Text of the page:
by Anjlie Gupta
Many pre-health students choose to get involved in research directly related to biology or medicine, with the belief that such research will best prepare them for medical school. In contrast, non-traditional research has appealed most to pre-med juniors Steven Strozza and Harleen Marwah.
Strozza, who is a biology and international relations double major and a global health minor, has been involved in research in four different departments as an undergraduate at USC: biology, sociology, international relations, and global health. He first became involved in research in the biology department from July to December 2012.
“I pretty much did it just because I knew I was supposed to do research as a pre-med,” said Strozza. “To be honest, I really didn’t enjoy it. There were a ton of students in the lab and so I never really had an ability to do a lot in the lab. It was always really menial things, and I really wanted to be part of a project.”
Thus, as a sophomore, Strozza got involved in sociology research for three months and international relations research for eight months. In sociology, Strozza studied labor disparities between gay and straight sex workers in the pornography industry. In international relations, Strozza studied peacekeeping in countries post-violence.
“For international relations, I’m a double major. I started looking into this topic for a class, and I kind of fell in love with it,” said Strozza. “I saw that there were different pieces of the puzzle that I could bring together through my research.”
Strozza was also driven by his interest in his global health classes when he decided to pursue research in global health at the beginning of his junior year. He is studying the long-term effects of taking HIV/ AIDS antiretrovirals in older populations.
In addition, as a junior, Strozza has gotten involved in biology research once again. In contrast to his first experience with biology research, “[In] the project I’m working on now with crab morphology, it’s the P.I. and one other undergraduate. I’m really doing the project. I’m very easily going to be a coauthor on it, and it’s me.”
Marwah has similarly been involved with non-traditional research. She is researching various species of shrimp and their responses to changes in the ecosystem at the Marine Biodiversity Center at the Natural History Museum in Los Angeles. She began working on the project in January 2013.
Marwah, who is a health promotion and disease prevention major, said, “Most HP majors do their studies in something related to people, behavior, or health trends. I decided I wanted to do research at the museum just because it was a really cool study. I’ve loved my experience there. I’ve gotten the practical lab skills and it’s like a family down there, so that’s really cool too.
“It definitely is different research. Through this research, I’ve definitely come to understand the importance of interdisciplinary study. We have students coming in from all sorts of majors and incorporating their perspectives into the research. Having these different perspectives has helped me progress.”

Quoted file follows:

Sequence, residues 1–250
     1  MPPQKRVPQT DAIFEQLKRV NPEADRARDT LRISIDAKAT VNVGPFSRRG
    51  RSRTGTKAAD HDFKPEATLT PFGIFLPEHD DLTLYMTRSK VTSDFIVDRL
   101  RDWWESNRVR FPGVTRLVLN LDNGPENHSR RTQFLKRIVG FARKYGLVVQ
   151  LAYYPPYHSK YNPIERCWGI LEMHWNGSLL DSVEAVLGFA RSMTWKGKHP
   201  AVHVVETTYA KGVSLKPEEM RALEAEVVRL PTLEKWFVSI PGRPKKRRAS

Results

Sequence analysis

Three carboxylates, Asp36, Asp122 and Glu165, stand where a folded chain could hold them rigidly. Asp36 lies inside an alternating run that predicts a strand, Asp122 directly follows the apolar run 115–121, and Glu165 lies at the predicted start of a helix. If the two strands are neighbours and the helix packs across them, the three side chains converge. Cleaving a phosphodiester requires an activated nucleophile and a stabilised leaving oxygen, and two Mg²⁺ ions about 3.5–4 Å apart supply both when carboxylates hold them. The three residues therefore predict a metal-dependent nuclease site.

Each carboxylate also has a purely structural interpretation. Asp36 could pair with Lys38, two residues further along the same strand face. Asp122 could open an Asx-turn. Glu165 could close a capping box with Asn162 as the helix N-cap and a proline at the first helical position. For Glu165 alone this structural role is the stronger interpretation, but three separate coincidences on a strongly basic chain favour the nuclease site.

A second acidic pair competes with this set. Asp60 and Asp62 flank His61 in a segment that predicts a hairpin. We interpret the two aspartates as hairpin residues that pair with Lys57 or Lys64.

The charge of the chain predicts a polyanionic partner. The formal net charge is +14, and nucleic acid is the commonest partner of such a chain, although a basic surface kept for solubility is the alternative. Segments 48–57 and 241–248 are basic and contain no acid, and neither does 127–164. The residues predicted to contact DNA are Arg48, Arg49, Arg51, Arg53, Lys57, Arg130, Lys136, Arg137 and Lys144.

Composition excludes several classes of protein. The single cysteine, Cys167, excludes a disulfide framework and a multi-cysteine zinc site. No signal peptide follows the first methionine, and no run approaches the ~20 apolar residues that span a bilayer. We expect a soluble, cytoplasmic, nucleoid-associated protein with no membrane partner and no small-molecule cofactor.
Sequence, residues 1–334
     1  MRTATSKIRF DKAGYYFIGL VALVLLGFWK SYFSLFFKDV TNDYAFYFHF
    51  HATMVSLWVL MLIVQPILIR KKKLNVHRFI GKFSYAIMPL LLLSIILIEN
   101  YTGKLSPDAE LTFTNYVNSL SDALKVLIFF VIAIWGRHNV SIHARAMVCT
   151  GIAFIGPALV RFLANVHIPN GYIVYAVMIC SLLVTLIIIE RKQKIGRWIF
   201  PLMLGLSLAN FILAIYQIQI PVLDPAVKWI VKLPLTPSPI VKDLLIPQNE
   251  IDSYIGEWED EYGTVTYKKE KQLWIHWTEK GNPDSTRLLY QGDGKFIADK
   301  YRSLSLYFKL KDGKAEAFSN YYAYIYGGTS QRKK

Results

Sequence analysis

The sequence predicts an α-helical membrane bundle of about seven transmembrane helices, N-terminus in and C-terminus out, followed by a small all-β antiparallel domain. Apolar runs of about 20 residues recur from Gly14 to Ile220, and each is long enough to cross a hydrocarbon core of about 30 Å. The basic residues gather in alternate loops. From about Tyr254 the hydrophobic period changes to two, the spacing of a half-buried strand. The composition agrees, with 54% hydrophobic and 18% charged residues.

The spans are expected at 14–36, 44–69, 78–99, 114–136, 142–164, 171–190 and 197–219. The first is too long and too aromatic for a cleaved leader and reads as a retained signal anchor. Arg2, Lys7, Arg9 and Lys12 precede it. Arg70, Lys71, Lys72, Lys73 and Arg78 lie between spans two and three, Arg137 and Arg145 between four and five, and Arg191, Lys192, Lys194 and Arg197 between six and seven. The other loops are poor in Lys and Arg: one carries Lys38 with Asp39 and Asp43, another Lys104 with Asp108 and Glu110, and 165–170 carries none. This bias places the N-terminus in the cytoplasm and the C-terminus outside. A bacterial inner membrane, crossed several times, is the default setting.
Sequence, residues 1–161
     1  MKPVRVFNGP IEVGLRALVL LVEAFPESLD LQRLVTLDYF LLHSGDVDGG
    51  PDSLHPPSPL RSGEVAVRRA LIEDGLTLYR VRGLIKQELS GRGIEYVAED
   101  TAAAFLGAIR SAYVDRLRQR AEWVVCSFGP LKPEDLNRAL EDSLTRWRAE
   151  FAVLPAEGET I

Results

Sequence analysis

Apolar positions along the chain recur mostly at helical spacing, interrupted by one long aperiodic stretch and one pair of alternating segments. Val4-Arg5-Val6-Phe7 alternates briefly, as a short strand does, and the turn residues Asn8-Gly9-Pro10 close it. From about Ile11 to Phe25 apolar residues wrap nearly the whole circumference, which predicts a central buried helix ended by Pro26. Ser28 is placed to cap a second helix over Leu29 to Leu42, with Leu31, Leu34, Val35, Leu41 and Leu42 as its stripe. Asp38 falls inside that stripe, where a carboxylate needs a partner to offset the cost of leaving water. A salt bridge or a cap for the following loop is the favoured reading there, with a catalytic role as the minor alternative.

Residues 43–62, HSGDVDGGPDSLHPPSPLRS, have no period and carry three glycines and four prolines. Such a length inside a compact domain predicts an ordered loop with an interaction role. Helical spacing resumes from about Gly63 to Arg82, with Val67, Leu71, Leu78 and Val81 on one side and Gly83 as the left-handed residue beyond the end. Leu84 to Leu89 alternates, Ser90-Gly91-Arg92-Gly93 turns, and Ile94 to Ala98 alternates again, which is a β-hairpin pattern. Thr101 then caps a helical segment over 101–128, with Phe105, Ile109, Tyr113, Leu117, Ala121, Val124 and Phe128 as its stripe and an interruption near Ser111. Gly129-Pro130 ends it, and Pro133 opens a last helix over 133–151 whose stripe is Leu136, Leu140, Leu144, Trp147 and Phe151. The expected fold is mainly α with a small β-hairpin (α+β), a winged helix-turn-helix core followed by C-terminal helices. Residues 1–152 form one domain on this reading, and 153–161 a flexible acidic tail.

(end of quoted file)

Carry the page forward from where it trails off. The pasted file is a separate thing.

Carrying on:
In addition, “Working at the museum has afforded me the opportunities to network with some of the top researchers in the country and to hear from some great lecturers,” said Marwah. “I’ve been very lucky to have that experience. I’ve been very fortunate to hear what years of hard work can amount to. And to see that there’s a light at the end of the tunnel when you’re putting in all these arduous hours.”
Strozza said, “For me, in medical school, you’re going to get so much of science and medicine. I really wanted to utilize the opportunity now to broaden my horizons. I love that, with my international relations research, global health research, and sociology research, I can talk about it with a layperson and interact with people in a different way. I became much more developed as a person and I was able to interact with a lot more people in a kind of educated and different way.”
Overall, “For me, it was kind of an academic break from the sciences,” said Strozza. “I got different exposure. I don’t think I’ll be as burnt out in medical school. I think I’ll be better able to interact with patients. I now come from a point where I’ve been exposed to more things and understand more walks of life. If I’m interacting with a sex worker, I kind of understand more about what they’re dealing with and the walk of life that they come from. If I have a patient from Kosovo, I understand what’s happening in their country and how their life and environment has changed post-conflict.”
Marwah said, “It’s made me more passionate about science. It’s made me more well-rounded. I can look at things from a different perspective.”
For pre-health students still looking to get involved in research, “Step out of your comfort zone,” said Marwah. “It doesn’t have to align perfectly with your career goals to be a valuable experience. You never know what you will learn, especially when you’re learning from a different perspective than you’re used to. Sometimes the best thing to come from your hard work isn’t what you get from it, but what you become from it.”